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Denmark, DR and worms


It's Friday, November 5, but what do days and hours mean here where time has no dimensions?

We left Croatia one Wednesday evening with tears saying goodbye to our grandmother, but at the same time to ourselves for the last 6 months spent in Croatia. What we had in Croatia stayed with us - it was beautiful, constructive, intense, slow, the way we needed it and the way we wanted it.

Although we didn't plan to return to Denmark before the flight to the Dominican Republic, we still decided to make a trip there and visit family, friends and home in 4 days.

Denmark was wonderful, as warm in autumn as it is not always, and this time it generously gave us both the weather and the colors of autumn and awakened feelings and brought relief.

It was exactly as we wanted, but we were still tired and set off on our way to the Caribbean.


The route went from Hamburg via Paris and then directly to Punta Cana. The first flight lasted only 1.5 hours, the layover in Paris was exactly 3 hours and then 8.5 hours to Punta Cana. It was peaceful to arrive at the almost empty airport in the morning and go through check-in and security in peace, eat breakfast and fly to Paris. Controls and waiting were tolerable, and in Paris, while waiting for the next flight, we met a couple of Danes and their three children - traveling to India. The children played with them, so we got tired and got on the last plane.


Flying out of a rainy autumn and landing in a hot 30 degrees was a shock, but also a joy.

To enter the DR (Dominican Republic) you need to fill out an e-ticket – papers that prove where you are coming from and how long you plan to stay. DR provides 30 days without the need for a visa, with the possibility of extending the stay (with payment of those additional days). At the airport in Punta Cana, we went through customs and picked up our luggage - all without any delays or any problems, and the agreed driver was waiting for us outside who transported us to Cabrera - a small place on the north-eastern part of the island where we will stay for the next 6 weeks.

The journey by car at night lasted 5 hours and was the final arduous route that we couldn't wait for to pass so that we could fall into our beds tired. The time zone here is 5 hours behind the central European one so we need some time to acclimatize – which means that the children fall off their feet at 7 o'clock in the evening which is not strange knowing that it is midnight in Europe. For me, this also means waking up at 2 in the morning to realize that I have to force myself to sleep a little more. But the best part is getting up at 5, welcoming the sunrise on the terrace while doing yoga listening to the crickets mixed with the first birds singing. Our days are long, even though we go to bed around 8 in the evening, we actually accomplish so much during the day. This also means that my husband works a few hours before breakfast and then the rest after which leaves room for him to finish his work day between 12-2pm and then we spend the rest of the time together.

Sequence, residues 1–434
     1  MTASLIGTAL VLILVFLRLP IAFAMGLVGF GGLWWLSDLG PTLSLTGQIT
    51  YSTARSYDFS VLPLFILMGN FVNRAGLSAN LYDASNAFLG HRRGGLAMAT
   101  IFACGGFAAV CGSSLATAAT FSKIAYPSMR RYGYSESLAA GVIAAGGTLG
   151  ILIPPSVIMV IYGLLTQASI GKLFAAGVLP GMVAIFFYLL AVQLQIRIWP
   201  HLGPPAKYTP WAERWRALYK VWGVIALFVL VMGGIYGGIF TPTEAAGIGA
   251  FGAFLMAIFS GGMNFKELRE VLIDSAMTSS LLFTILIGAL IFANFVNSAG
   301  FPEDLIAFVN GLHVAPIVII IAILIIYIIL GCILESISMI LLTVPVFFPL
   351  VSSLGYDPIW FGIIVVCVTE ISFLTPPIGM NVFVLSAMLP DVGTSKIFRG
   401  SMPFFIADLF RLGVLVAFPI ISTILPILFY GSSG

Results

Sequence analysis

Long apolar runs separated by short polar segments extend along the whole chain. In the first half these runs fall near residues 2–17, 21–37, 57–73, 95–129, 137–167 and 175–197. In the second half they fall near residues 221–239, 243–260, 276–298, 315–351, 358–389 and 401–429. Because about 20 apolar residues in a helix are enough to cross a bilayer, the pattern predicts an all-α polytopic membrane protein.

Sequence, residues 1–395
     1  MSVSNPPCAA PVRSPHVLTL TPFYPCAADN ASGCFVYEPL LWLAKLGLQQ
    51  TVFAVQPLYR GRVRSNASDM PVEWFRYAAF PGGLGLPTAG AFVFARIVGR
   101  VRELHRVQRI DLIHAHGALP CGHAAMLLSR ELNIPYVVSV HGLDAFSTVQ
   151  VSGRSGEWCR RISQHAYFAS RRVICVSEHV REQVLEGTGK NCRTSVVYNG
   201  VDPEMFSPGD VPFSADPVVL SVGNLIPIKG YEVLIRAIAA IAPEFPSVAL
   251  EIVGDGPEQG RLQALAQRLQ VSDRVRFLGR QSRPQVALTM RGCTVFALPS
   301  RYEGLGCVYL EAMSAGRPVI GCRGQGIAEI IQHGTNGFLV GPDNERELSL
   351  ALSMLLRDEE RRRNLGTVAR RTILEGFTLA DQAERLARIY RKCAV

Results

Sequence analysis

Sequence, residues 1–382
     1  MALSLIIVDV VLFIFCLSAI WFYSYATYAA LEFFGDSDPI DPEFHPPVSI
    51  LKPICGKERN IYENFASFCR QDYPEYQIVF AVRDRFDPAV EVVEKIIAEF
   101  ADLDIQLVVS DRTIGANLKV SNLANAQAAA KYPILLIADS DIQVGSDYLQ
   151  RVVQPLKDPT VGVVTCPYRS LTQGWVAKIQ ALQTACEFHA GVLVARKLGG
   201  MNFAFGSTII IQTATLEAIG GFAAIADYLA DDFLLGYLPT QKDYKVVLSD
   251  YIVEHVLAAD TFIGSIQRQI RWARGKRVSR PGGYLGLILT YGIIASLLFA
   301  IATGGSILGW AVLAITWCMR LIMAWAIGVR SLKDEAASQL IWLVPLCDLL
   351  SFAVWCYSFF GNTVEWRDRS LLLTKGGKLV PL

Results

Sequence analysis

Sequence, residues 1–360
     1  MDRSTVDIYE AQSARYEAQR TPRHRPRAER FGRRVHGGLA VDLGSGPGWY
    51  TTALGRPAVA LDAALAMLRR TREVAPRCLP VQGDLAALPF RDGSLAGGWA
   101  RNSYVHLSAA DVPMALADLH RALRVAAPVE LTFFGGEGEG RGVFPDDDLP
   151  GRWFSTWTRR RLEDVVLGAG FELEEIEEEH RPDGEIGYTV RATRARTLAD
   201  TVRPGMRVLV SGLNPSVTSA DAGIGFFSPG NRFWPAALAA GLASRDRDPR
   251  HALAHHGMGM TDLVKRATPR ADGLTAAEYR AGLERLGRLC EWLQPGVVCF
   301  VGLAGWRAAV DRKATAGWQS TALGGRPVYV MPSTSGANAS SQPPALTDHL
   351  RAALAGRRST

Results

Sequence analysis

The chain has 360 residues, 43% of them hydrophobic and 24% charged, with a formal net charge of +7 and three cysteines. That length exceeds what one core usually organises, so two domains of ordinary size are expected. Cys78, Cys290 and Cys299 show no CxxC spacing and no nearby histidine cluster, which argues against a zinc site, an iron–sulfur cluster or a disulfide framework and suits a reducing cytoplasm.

DR is beautiful, but also poor. People are smiling and cordial, warm and generous, they often do not understand English and knowing Spanish is a great advantage. My great desire and goal is to learn Spanish on this trip.

The climate is wonderful - warm without extreme heat, with occasional rain storms. The beaches are the most beautiful we have seen so far.


But the best of all for now are the people. We live in a community with 6 other families from different parts of the world, with whom we are connected by our love for traveling and getting to know new cultures. There are enough children to meet everyone's needs, and in addition, we also went to the center (a school that is not a school) for self-directed learning on the days we are given. So we have facilities, time for lazing around, lounging by the pool and weekend trips.


We are tired, but fulfilled. Children's worms came to us as a reminder that nothing is perfect, but that you can always solve everything if you are calm and ready to actively work on it. And accept life when a mixture of challenges, excitement, joy and worries. Last night the storm brought heavy rain where the children happily built an ice rink and later swam in the pool after dark, then a power outage opened up the most starry sky into which we stared for an hour interrupted by sighs of admiration and fireflies that took our breath away. The power outage also meant the inability to do business for those who do it online - another mix of losing and gaining at the same time. For me, it is a reminder to stay present in the present moment and accept all sides of this life and even the occasional cockroach that runs through the house, intense time in the company of others and life learning that I deeply feel will change us forever...


To be continued...




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